Secondary Library Media (6-12)
Strand 3: Standard 2:
1 class periods of 30 minutes each
Students will compare two websites (one obviously more credible than the other) and evaluate them using the "CRAP checklist." They will look at factors like currency, reliability, accuracy, and purpose.
Teacher librarians will need double-sided copies of the CRAP checklist.
They will also need a computer with internet access and a projector to display the websites they are evaluating, or printed out screen shots for students to view.
Librarians may also choose to use the attached PDF slides to briefly cover the concepts. It is helpful, but not completely necessary, if students can bring up the websites on Chromebooks, iPads, or other devices.
Teachers should review the checklist and slideshow prior to giving the lesson.
Students must be familiar with the internet. It will also be helpful for most to watch the included slideshow to understand or review the meaning of words like "credibility" and "bias."
Students will think critically about information presented in two websites to determine whether or not the information is trustworthy.
To engage students, teacher librarians will ask them to draw on their background knowledge through a discussion. They may begin with a question like, "Can you trust all of the information you find on the Internet?"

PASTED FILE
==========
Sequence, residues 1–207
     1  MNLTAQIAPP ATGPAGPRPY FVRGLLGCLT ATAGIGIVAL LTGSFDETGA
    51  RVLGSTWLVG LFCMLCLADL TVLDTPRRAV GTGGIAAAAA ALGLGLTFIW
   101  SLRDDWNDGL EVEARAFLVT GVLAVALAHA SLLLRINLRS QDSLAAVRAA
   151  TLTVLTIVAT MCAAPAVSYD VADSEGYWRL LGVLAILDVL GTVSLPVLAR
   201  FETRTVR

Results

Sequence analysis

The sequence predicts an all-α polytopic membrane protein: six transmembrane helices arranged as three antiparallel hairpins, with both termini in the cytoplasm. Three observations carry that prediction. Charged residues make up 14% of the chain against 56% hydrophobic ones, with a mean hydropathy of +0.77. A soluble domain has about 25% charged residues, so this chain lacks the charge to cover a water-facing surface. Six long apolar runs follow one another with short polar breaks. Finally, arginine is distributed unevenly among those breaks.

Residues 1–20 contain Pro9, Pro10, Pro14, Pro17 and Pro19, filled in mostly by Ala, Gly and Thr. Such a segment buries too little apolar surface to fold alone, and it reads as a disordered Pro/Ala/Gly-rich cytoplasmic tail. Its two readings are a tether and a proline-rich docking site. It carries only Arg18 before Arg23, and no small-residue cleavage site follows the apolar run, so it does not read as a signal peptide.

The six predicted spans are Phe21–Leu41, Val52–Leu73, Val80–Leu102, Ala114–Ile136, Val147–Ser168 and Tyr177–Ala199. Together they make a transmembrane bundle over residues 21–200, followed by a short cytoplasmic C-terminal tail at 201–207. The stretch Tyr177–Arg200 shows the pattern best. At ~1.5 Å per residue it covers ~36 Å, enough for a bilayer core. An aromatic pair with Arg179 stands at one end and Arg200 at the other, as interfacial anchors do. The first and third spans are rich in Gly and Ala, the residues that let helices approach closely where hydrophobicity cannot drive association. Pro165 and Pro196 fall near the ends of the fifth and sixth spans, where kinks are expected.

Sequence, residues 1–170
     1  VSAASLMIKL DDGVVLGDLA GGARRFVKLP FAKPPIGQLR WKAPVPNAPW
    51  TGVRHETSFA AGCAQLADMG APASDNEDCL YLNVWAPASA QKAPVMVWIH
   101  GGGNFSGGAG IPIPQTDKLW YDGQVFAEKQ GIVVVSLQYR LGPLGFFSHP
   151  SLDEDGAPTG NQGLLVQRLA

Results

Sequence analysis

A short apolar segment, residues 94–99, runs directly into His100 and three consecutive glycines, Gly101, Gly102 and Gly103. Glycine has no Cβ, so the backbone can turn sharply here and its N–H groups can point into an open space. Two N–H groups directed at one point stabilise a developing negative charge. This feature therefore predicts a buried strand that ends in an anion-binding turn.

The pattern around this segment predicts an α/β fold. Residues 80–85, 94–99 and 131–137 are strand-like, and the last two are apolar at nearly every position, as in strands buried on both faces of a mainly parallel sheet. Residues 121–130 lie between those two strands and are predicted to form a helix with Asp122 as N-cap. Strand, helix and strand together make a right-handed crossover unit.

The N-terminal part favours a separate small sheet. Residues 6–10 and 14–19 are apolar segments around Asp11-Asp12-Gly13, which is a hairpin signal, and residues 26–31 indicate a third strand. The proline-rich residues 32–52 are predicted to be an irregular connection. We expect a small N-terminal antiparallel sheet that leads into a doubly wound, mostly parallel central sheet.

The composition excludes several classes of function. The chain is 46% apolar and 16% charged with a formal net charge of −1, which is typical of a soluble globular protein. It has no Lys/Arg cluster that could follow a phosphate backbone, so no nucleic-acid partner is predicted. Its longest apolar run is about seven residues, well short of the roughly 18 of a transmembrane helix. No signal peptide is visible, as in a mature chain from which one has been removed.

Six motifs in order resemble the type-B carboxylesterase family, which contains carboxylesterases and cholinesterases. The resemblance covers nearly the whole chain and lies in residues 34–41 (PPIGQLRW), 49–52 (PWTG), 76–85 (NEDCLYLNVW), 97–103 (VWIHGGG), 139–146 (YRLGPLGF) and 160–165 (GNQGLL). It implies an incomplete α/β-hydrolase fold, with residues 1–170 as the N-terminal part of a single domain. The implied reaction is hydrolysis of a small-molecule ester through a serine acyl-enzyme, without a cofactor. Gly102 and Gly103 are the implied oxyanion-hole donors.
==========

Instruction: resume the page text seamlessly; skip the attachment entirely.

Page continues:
Next make a list (from student responses) of some factors that make websites more or less trustworthy.
From there, introduce students to one method of website evaluation, the CRAP checklist, with the PDF slides and/or the attached Youtube video.
Next, Give students a copy of the double-sided CRAP checklist handout and go to your first website together. (This one should obviously not be very credible.)
After that, give students a few minutes to work with a partner to go over the checklist and write notes about their findings. Then, as a whole group go through the checklist together, asking students to contribute things they found. Decide as a group whether you think this is a good website or not.
Repeat the review process with a more credible website on the same topic, and discuss your findings.
End with asking the class why this is important, and wish them happy researching!
Assessment is informal and will happen through the discussion and student response.